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Gun violence affects students, teachers
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School shootings in Columbine, Colorado, in 1999 and more recently, Parkland, Florida, in February have become commonplace. Survivors and advocates are fighting to enact stricter gun laws to ensure the safety of students in other schools. Instead of putting in new laws to prevent more mass shootings, Congressional representatives have tried to implement new ideas or policies that ignore gun laws and blame things like mental illness or the violence in video games and movies.
Factors that contribute to this issue are countless. For starters, there is talk about equipping teachers with guns of their own. But, teachers have one job: to educate the future of our country. When an adult chose to become an educator, they chose to help this country’s future learn. They did not choose to train in handling or possessing a firearm. Teachers should not be forced to carry weapons.
Now the question becomes “If teachers won’t protect students, who will/how will we find other ways to protect them?” To remedy these problems, some are asking schools to improve their security systems, such as restricting entrances, installing metal detectors, and even going as far as having armed security at the doors. The problem with this solution is that some students have already given up rights, like living in foster homes and speaking up because of the fear of getting kicked out just to attend school, so they might not want to have to give up any more. Student should not have to give up any rights at all just to get an education. As this debate goes on, schools are scrambling to assign more drills to ensure safety and a quick, easy solution.
Students are visibly distressed and are starting to take actions into their own hands. Victims from the Parkland shooting traveled to Washington, D.C., to raise awareness and protest for more gun control laws. There were nationwide school walkouts on March 14, exactly one month after the shooting in Florida, on March 24, and a planned walk out on April 20, the anniversary of Columbine. In some schools where students have already protested, staff tried to prevent these walkouts, but students defied authority and marched. Bringing awareness and educating students on these social issues should not be punishable. Administrators should not shield students, especially high schoolers, from these kinds of civil disobedience. Education is what shapes the future of our country and if we cannot teach students how to deal with tragedies like this, we do not have a bright future.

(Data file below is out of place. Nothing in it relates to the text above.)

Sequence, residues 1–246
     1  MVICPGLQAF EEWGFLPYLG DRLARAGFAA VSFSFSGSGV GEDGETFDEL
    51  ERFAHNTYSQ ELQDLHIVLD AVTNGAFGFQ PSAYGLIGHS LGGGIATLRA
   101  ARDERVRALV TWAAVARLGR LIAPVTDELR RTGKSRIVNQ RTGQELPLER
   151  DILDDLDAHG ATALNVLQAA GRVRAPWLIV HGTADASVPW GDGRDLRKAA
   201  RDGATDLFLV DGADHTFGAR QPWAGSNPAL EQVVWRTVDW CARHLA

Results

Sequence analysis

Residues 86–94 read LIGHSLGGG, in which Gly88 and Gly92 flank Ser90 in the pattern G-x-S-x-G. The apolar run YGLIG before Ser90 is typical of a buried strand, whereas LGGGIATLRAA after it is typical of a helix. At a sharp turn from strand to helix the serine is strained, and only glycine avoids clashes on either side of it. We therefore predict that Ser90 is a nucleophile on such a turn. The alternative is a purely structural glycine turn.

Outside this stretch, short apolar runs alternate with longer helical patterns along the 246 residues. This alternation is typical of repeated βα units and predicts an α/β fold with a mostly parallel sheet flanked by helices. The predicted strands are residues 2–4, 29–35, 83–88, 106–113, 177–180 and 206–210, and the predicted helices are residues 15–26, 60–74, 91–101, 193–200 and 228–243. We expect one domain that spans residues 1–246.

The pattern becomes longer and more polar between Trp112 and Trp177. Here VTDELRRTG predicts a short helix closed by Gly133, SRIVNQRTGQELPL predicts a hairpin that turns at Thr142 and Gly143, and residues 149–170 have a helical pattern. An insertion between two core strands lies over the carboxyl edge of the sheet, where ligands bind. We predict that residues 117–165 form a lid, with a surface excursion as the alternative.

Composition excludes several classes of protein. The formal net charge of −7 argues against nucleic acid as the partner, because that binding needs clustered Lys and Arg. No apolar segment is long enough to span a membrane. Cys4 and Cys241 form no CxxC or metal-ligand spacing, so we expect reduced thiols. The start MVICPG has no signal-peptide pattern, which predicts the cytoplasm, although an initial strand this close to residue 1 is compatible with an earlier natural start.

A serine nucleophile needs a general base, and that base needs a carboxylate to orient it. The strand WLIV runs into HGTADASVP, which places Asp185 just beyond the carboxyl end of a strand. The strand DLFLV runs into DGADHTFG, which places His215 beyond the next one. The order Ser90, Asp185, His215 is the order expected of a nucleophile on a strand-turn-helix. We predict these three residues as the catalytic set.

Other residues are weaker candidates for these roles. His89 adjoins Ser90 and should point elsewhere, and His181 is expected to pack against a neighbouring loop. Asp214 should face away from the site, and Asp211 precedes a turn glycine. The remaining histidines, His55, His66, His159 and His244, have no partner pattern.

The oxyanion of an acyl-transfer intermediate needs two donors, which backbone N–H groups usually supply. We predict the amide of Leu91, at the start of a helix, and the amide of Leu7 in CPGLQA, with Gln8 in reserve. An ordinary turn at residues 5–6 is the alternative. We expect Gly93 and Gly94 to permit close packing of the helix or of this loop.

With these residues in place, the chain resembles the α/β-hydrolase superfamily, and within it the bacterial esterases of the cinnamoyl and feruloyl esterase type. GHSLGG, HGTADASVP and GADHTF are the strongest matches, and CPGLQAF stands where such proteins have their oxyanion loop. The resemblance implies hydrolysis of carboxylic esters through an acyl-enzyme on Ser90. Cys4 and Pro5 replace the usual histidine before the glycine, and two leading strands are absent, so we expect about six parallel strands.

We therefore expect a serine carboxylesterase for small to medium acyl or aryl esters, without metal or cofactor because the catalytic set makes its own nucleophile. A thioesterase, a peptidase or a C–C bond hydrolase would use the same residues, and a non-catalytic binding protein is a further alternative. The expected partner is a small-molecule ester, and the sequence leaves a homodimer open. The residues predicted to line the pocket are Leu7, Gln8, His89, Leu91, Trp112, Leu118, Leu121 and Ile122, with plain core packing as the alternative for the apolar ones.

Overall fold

Along with school walkouts, students and supporters are holding marches in front of political buildings. As people gather together to support this cause, they bring up other issues from within. Many Black Lives Matter supporters are joining the Never Again movement, as BLM advocates have been fighting the gun violence battle for years. Mass shootings happen in more places other than schools and victims span all ages, races, genders and sexes.
As a society, we should work together to achieve justice for the lives that have been lost due to these horrific acts. We will not fix anything if we do not put aside our personal or political differences. Guns are not a joke. People dying from gun violence at all ages, but especially the young, is not a joke. Marching, spreading awareness, or talking about gun violence will not stop these deadly crimes. It is time we put a stop to gun violence through our actions including electing politicians who support sensible gun control laws.
Students who will be be 18 years old by Nov. 6, 2018 can register to vote at https://www.votetexas.gov/register-to-vote/index.html.